12 min read
After our Head of Operations Sam shared his tips on how to spend 48h in Rome, our Travel Expert Ellis takes a short BRB break in Krakow, one of the most beautiful cities in Europe and shares his tips on how to spend 48 memorable hours in Krakow.
Kra-cow, Kra-co, Kra-cough – one of Poland’s most popular tourist destinations, a city that is consistently mispronounced, Krakow welcomes 9.5 million visitors per year, impressive right?
And what city wouldn’t brag about these numbers of eager visitors when they also boast the attractions, sights, history and culture of a city like Krakow, not to mention being the birthplace of figures like mathematical buff Nicolaus Copernicus and Helena Rubinstein, AKA a pioneer in the cosmetics industry who we have to thank for waterproof mascara.
At just 2 hours and 20 minutes away by plane, or an eye-watering 26 hours and 46 minutes by train (probably will defeat the idea of the 48 hour city guide if this is your choice of transport so we heavily encourage the former), getting yourself to Krakow is a simple, stress-free and fast process, which you probably can’t say about your commute in and out of the city. It only makes sense to jet off to Krakow for the weekend.
Whether you choose to visit in the crisp, cold breeze of the winter, or in the peak of the heat in the summertime to bask in the sunshine, this Be Right Back itinerary can adapt to all climates – just don’t get your packing checklists mixed up. Your favourite shorts and t-shirts outfit combo has no place in Krakow’s lows of -4 degrees.
Hand-picked, and lovely curated by yours truly, check out how exactly you need to be spending your short 48 hours in Krakow for a trip you are bound not to forget.
After a two and a half hour flight from London Stansted, I arrive in Krakow mid-morning on Friday and take a taxi to get to my hotel as quickly as I can, in time for a traditional Polish breakfast.
As I enter 4* Privilege Suites, I remember why it is one of our favourites hotels in Krakow. Each guest has the comfort of their own apartment, all carefully designed with modern techniques and furniture.
Enjoy a drink at the end of a busy day on your own private terrace with a beautiful view.
And with an average rating of 4.5 out of 5, I know it's going to be a great stay!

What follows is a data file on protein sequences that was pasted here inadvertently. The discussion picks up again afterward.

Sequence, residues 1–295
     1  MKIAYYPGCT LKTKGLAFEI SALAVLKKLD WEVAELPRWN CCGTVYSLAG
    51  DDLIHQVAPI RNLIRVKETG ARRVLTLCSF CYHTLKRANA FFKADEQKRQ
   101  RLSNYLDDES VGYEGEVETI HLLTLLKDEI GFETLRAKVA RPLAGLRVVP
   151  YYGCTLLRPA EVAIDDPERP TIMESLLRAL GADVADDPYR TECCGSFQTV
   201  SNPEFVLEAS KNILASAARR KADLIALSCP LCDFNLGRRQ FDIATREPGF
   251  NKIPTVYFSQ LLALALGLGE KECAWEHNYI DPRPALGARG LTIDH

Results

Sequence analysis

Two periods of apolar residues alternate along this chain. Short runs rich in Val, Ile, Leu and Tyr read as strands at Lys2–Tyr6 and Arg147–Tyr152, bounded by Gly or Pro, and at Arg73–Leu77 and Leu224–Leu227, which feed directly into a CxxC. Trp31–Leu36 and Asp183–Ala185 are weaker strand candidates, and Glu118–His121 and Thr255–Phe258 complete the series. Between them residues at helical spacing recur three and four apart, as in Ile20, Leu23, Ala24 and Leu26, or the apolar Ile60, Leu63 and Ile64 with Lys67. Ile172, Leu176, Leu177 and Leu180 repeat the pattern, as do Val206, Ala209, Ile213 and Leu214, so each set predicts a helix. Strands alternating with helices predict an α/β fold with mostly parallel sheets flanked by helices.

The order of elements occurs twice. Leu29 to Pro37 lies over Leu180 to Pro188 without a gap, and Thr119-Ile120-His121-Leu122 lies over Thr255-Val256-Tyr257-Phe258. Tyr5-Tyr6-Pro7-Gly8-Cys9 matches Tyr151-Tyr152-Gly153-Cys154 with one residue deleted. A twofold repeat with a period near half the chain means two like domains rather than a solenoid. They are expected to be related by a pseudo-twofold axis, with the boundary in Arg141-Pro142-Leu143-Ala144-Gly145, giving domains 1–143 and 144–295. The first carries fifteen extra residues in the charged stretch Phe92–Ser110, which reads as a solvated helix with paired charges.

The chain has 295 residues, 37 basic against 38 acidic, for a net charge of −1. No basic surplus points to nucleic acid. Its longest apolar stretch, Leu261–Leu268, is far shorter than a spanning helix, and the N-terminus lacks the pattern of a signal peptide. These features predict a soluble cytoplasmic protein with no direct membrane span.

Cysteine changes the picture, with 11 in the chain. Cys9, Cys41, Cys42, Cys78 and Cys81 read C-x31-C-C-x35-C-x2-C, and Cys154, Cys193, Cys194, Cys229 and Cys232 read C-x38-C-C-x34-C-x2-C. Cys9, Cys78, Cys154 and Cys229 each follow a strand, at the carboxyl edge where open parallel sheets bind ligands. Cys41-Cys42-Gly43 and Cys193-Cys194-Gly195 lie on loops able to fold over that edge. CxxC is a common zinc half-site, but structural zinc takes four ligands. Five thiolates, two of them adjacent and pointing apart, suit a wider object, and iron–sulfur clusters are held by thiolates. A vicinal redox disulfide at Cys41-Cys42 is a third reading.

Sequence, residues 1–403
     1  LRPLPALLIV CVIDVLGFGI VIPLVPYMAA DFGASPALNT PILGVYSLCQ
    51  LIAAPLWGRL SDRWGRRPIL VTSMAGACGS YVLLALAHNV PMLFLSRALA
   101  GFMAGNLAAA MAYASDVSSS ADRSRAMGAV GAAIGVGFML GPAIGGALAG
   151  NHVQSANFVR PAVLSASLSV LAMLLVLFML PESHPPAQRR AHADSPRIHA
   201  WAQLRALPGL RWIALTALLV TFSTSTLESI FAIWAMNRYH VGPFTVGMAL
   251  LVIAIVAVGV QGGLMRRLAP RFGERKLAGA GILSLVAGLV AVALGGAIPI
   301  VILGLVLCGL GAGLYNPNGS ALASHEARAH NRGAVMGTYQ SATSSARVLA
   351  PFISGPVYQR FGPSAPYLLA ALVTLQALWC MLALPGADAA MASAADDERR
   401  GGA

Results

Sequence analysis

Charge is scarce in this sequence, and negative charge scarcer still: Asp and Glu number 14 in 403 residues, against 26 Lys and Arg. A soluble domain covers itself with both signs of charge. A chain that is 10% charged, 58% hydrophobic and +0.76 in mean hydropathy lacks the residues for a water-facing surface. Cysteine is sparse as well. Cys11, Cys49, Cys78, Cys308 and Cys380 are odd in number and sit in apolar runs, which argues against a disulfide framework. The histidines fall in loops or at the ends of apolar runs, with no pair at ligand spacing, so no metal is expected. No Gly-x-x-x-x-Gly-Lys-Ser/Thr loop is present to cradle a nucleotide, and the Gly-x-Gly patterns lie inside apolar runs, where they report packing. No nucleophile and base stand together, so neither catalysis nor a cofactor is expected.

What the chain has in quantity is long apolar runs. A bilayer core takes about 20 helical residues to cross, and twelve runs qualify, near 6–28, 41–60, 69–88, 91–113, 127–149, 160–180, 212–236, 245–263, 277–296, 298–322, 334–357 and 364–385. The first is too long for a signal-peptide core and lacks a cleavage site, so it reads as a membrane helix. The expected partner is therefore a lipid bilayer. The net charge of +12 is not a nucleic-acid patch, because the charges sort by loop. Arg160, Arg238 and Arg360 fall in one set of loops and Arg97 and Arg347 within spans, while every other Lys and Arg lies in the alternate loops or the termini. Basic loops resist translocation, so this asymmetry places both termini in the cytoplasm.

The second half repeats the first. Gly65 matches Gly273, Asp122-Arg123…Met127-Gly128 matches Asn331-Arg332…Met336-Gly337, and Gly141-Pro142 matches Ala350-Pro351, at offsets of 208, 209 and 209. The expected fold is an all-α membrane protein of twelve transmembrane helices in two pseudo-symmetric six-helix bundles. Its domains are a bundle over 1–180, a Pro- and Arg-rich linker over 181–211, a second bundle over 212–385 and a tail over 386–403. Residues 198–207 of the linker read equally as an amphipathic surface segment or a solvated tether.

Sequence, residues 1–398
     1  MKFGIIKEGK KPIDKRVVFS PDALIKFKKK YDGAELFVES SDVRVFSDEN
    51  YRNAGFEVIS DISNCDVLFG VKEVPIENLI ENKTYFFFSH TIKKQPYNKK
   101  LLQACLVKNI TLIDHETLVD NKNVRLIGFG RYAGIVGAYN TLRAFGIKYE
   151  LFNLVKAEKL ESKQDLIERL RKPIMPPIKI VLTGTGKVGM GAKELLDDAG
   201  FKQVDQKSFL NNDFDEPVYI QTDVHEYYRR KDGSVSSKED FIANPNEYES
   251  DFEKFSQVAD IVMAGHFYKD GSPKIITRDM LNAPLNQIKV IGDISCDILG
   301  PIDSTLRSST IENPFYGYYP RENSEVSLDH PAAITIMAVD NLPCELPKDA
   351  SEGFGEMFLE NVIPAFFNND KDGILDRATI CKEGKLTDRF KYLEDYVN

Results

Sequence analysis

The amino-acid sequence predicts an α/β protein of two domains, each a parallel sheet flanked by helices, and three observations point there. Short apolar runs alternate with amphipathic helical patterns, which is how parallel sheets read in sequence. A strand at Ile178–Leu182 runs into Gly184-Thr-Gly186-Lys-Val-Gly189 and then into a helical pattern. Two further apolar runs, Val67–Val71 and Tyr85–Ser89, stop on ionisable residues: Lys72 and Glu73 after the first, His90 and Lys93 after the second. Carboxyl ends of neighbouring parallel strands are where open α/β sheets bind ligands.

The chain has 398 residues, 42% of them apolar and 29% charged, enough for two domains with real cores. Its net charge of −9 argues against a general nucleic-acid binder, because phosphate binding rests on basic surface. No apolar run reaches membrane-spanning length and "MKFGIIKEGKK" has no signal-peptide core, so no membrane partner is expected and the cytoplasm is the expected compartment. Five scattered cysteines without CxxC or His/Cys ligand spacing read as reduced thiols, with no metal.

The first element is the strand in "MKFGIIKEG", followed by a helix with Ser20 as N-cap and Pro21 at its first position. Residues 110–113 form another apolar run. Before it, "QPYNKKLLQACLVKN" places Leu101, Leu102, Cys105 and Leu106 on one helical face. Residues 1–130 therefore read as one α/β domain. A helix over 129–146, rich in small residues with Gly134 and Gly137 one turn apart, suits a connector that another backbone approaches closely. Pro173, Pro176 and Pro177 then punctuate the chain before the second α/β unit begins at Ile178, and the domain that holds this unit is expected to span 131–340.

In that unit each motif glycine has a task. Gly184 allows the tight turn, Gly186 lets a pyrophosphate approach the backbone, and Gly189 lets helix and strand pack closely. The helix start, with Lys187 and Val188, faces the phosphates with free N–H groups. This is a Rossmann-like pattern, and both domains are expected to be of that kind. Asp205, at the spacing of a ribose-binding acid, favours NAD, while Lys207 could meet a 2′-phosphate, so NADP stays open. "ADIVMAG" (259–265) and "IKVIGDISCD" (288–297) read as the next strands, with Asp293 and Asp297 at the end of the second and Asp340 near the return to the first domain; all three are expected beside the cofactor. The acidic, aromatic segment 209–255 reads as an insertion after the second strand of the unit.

It wouldn’t be a Be Right Back city guide without a medieval square now would it. You know us by now, it’s the only way we know how to begin these guides. A city without a square leaves us floundering, lost and confused.
It’s a pretty good medieval square though to be honest. In fact, it’s Europe’s largest – how’s that for a square.
Photo Credit: @prettylittlekrakow
Known to the locals as Rynek Główny, this was the spot of executions from back in the day, an activity we have kindly excluded from this guide out of the goodness of our hearts. It was also renamed the ‘Adolf Hitler Platz’ for a short time during the German occupation of the city back in World War Two – thankfully, the name didn’t stick.
If that wasn’t enough history for you, the historic ‘Cloth hall’ or Sukiennice located in the centre of the square it is also one of the first UNESCO Heritage Sites, and sees millions of tourists flock to enjoy the history and culture of the square year by year.
There’s also St Mary’s Basilica, considered one of the most important churches in Krakow whose Gothic architecture makes it an unmissable sight.
Photo Credit: @mrs.megansheets
See, we don’t just take you to any old squares – oh boy are they worth the visit.
After taking in the sites, make sure to grab some breakfast at the Europejska Café only 2 minutes from Cloth Hall.
Photo Credit: @djale_official
It’s also worth knowing, before your morning in the square is over, that it is not all about medieval history. In terms of recent history, as recent as 1994, Rynek Glówny is home to a dachshund parade that happens every autumn, and is simply, yet incredibly, a celebration of sausage dogs. If this is a sight you must see (and let’s be honest, who doesn’t want to see a plethora of little-legged dogs marching the medieval streets of Poland), then be sure to plan your trip in the Autumn time.
When in Krakow, it is a no brainer to get involved in Polish culture and embrace Polish cuisine. This means it is of the utmost importance that every tourist must take part in a baking workshop – it is non-negotiable and incredibly tasty work.
I say with confidence that homemade bread is up there with some of the greatest, most yummy and satisfying food-stuffs to exist, and the Zwye Muzeum Obwarzanka is dedicated to the obwarzanka, a braided, ring-shaped bread snack that has been part of Krakow’s history for over 600 years (it must be mouldy having been around for that long).
Boiled and seasoned with a sprinkle of salt and sesame or poppy seeds before being baked, these dough rings are loved by Polish citizens old and new, and a tourist favourite.
This interactive museum combines an educational history about this beloved bread and the chance for you to get your hands floured up and make your own during the obwarsanki making workshop.
Photo Credit: @ewawachowicz
And don’t worry, I know what you’re all thinking. You will in fact be rewarded for your efforts at the end of the bake, and will receive a well-deserved certificate to commemorate your participation, which you can cherish forever.
Homemade bread and awards isn’t bad for Day one of the trip.
With a stomach full of bread, and happiness in your heart, it’s time for some much needed cardio. At Be Right Back, we leave no stone unturned as far as activities go; first you bake, now you walk, I’m sure there’ll be crafting at some point in this adventure…
Your walk this evening is the ascension of one of four ancient mounds, specifically Krakow’s Mound, which is actually Krakow’s highest point.
Photo Credit: @gzerjav
Erected to commemorate the Polish national leader, Tadeusz Kościuszko, this artificial mound has a serpentine path that leads to the top, providing panoramic views of the Vistula River and the city (another thing we can’t be without in our BRB city guides – a good old panoramic view).